For those of us who are graduating in three weeks and stumbling out into the cold, hard, jobless world, now seems like a pretty good time to reflect upon how lucky we are to have been in college for the last year. While others have been stuck in a cubicle watching their 401k evaporate, or worse, been faced with the terrifying threat of unemployment, we've remained relatively insulated.

However, the College has provided us with more than just shelter from the economic crisis this year. Over the past four years, we've spent countless hours rapt in discussion with friends over dinner, engaged in meaningful conversations with professors, and supporting classmates in extracurricular endeavors. We've walked alone across the Quad under starry winter skies, after long nights grappling with our studies in the library. We've run jubilantly across that same Quad with dear friends after a late-night, springtime party. We've written poems for the Quill and cleared trails on Common Good Day. We've challenged each other, and we've challenged ourselves—and Bowdoin has provided a space for us to do so.

Ultimately, these kinds of experiences are what make college such a unique and formative period in our lives. With no end in sight to the current economic downturn, we need to continually evaluate and reevaluate what is most important to enable the growth that takes place here. President Mills and the trustees may be the ones who sign the check for buildings like the new ice arena or the fitness center that is in the works; however, new buildings and new policies ultimately come in response to student demand. It's our responsibility to make sure that in the future, our demands and requests stay in line with what we really need for a truly educative experience.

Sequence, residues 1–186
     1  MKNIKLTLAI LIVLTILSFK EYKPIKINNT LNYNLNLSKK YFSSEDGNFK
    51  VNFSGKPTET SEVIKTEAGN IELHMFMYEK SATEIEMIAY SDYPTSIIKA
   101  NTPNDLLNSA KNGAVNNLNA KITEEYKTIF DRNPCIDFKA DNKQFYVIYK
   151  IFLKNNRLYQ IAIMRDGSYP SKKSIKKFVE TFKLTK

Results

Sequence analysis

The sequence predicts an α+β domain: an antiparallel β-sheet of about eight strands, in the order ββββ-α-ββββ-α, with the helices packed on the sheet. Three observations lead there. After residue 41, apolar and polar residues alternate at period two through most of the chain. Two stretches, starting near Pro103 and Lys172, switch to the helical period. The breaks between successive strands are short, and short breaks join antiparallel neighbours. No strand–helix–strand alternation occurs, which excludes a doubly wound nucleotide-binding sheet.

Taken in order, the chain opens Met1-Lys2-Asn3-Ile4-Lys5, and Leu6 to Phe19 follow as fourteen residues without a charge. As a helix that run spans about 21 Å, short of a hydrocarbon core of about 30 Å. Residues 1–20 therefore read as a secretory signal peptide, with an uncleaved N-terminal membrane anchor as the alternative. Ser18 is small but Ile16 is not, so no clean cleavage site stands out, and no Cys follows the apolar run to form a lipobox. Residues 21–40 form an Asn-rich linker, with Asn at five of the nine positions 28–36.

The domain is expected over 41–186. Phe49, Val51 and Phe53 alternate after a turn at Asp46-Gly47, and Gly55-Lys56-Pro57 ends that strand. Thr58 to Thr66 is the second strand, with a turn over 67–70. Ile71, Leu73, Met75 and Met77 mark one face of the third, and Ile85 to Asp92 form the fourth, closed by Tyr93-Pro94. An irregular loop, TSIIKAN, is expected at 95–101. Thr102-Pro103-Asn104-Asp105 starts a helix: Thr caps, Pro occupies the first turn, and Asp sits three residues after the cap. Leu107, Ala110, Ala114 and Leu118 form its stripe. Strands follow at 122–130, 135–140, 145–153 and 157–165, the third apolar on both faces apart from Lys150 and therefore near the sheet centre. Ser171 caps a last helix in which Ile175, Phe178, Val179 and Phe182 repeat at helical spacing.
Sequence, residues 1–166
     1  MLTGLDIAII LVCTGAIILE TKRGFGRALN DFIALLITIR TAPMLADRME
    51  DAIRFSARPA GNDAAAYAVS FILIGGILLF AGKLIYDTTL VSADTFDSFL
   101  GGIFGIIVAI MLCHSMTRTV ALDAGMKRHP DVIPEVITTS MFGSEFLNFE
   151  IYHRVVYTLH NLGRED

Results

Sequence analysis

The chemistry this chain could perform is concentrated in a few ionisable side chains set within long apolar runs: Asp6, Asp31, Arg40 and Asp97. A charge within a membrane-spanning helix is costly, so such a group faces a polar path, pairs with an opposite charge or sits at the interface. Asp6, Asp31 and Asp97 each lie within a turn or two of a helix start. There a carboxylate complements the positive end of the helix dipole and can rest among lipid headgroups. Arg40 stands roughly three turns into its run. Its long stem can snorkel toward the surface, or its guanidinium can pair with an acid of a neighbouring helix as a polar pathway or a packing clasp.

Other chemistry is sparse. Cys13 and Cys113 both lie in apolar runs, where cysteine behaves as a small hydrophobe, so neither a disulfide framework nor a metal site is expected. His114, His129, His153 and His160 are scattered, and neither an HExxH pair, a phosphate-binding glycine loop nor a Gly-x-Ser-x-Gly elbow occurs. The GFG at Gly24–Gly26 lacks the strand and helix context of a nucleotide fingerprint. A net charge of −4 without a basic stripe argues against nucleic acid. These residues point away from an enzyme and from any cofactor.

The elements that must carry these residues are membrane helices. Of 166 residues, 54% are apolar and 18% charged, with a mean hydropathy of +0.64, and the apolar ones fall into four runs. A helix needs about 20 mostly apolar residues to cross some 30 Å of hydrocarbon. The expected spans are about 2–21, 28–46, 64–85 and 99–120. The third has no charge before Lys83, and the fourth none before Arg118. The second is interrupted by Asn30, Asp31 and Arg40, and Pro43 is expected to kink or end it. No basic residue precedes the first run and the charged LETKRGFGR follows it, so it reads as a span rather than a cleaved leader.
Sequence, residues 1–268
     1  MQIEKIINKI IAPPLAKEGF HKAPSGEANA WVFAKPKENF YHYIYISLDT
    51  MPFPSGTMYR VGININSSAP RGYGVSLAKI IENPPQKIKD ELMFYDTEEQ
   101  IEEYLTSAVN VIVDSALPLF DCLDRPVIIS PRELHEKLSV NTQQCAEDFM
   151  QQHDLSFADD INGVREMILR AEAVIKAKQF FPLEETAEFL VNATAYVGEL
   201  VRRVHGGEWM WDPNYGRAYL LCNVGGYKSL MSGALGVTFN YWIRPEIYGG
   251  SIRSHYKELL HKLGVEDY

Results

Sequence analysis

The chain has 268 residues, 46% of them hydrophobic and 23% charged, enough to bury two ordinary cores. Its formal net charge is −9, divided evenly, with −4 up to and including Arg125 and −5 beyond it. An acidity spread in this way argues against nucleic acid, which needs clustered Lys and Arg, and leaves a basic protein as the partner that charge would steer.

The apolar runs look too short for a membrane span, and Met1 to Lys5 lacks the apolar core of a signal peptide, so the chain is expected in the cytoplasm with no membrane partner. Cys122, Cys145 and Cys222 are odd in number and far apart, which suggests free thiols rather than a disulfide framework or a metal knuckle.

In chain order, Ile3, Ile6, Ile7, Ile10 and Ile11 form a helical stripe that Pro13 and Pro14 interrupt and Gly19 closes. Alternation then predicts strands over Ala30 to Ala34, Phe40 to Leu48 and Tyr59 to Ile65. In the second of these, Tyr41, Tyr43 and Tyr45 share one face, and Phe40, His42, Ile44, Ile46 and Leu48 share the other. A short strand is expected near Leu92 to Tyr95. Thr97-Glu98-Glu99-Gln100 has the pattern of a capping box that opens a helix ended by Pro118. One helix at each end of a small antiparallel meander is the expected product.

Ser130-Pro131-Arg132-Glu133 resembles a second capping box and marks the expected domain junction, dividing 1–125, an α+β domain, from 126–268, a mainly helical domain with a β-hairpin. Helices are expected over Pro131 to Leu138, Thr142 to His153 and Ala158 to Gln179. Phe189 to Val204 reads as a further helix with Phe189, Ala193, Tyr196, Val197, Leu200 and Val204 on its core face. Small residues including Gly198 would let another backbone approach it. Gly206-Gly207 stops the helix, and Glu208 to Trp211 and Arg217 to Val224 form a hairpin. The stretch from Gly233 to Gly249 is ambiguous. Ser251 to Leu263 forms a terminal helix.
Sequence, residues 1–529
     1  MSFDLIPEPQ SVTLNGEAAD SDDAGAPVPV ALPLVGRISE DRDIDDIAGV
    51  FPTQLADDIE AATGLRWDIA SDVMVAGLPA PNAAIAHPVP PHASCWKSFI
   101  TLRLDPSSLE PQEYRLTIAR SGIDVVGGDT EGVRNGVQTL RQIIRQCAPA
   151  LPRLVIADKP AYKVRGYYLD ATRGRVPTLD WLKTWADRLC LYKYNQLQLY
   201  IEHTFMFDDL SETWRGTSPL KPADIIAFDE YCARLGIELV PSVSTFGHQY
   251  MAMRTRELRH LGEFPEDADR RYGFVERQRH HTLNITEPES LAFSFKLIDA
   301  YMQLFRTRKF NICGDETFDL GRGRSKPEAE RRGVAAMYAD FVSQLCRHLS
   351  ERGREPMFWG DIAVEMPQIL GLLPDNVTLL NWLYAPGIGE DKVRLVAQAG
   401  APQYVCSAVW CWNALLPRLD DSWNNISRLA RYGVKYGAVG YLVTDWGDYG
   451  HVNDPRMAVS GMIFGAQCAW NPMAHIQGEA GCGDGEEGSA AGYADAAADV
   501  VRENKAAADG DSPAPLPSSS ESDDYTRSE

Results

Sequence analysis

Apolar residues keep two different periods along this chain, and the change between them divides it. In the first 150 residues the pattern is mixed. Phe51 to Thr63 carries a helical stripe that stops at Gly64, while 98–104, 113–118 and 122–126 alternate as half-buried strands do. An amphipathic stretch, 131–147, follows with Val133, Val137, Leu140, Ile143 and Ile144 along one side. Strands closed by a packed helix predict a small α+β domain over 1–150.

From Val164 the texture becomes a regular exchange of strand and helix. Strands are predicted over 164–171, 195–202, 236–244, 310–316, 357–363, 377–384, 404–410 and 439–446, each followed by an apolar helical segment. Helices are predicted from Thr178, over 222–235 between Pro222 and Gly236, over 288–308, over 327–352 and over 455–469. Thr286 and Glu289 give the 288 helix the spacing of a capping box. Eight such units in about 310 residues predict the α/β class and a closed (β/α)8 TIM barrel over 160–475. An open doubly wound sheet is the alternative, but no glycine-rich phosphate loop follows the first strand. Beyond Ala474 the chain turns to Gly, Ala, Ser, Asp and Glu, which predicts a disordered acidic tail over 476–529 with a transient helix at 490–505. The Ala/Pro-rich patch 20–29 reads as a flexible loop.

William DeWitt Hyde's "Offer of the College" makes no mention of beautiful athletic facilities or palatial dorms. What it does proffer, however, is a myriad of suggestions to consider, regardless of the ups and downs of the economy. Hyde asks us to "cooperate with others for common ends." In these tumultuous and trying times, it's especially important for students to assert themselves as the College makes decisions that could impact the institution for a long time.

And let's not forget to make some time to enjoy these last couple of weeks of the school year. As Hyde encouraged: "lose yourself in generous enthusiasms."

The editorial represents the majority view of The Bowdoin Orient's editorial board, which comprises Nick Day, Nat Herz, Will Jacob, Mary Helen Miller, and Cati Mitchell.